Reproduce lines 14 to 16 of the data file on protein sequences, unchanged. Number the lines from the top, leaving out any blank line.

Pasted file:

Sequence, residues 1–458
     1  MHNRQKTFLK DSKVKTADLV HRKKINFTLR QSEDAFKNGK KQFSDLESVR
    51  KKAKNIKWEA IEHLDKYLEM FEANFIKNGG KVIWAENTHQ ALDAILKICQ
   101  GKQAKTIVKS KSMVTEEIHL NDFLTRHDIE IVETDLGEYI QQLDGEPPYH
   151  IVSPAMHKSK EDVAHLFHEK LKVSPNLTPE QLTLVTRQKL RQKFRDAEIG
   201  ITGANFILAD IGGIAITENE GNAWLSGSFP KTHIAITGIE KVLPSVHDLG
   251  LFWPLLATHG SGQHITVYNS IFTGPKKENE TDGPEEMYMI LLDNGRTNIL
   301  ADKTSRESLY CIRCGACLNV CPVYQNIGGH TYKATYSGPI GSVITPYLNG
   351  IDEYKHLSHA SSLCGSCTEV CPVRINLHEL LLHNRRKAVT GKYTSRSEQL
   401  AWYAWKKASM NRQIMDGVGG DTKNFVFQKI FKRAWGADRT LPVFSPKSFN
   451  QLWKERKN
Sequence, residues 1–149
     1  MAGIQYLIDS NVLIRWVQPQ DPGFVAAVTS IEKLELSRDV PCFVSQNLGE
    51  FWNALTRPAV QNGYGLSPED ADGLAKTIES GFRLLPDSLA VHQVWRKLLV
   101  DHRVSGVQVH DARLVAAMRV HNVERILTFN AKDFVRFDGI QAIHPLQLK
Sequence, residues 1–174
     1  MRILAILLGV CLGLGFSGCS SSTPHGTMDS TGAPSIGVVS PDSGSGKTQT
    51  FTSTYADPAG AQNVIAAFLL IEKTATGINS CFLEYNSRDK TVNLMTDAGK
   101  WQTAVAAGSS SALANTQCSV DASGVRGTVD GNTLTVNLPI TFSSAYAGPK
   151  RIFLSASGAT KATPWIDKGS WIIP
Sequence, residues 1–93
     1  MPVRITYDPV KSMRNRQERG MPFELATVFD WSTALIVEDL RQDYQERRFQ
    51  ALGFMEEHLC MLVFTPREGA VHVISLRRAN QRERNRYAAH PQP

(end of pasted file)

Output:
    51  FWNALTRPAV QNGYGLSPED ADGLAKTIES GFRLLPDSLA VHQVWRKLLV
   101  DHRVSGVQVH DARLVAAMRV HNVERILTFN AKDFVRFDGI QAIHPLQLK
Sequence, residues 1–174